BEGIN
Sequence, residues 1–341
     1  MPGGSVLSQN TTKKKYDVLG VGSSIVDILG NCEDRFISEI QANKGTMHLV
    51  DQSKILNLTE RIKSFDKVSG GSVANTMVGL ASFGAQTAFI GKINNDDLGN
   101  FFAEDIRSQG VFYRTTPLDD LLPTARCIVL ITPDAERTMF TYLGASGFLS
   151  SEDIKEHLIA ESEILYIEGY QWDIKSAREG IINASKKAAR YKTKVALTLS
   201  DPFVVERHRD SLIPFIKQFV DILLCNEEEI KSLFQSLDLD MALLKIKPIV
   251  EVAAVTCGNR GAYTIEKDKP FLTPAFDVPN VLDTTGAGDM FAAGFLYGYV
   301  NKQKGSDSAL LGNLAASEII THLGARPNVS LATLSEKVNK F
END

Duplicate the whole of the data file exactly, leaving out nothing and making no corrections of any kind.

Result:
Sequence, residues 1–341
     1  MPGGSVLSQN TTKKKYDVLG VGSSIVDILG NCEDRFISEI QANKGTMHLV
    51  DQSKILNLTE RIKSFDKVSG GSVANTMVGL ASFGAQTAFI GKINNDDLGN
   101  FFAEDIRSQG VFYRTTPLDD LLPTARCIVL ITPDAERTMF TYLGASGFLS
   151  SEDIKEHLIA ESEILYIEGY QWDIKSAREG IINASKKAAR YKTKVALTLS
   201  DPFVVERHRD SLIPFIKQFV DILLCNEEEI KSLFQSLDLD MALLKIKPIV
   251  EVAAVTCGNR GAYTIEKDKP FLTPAFDVPN VLDTTGAGDM FAAGFLYGYV
   301  NKQKGSDSAL LGNLAASEII THLGARPNVS LATLSEKVNK F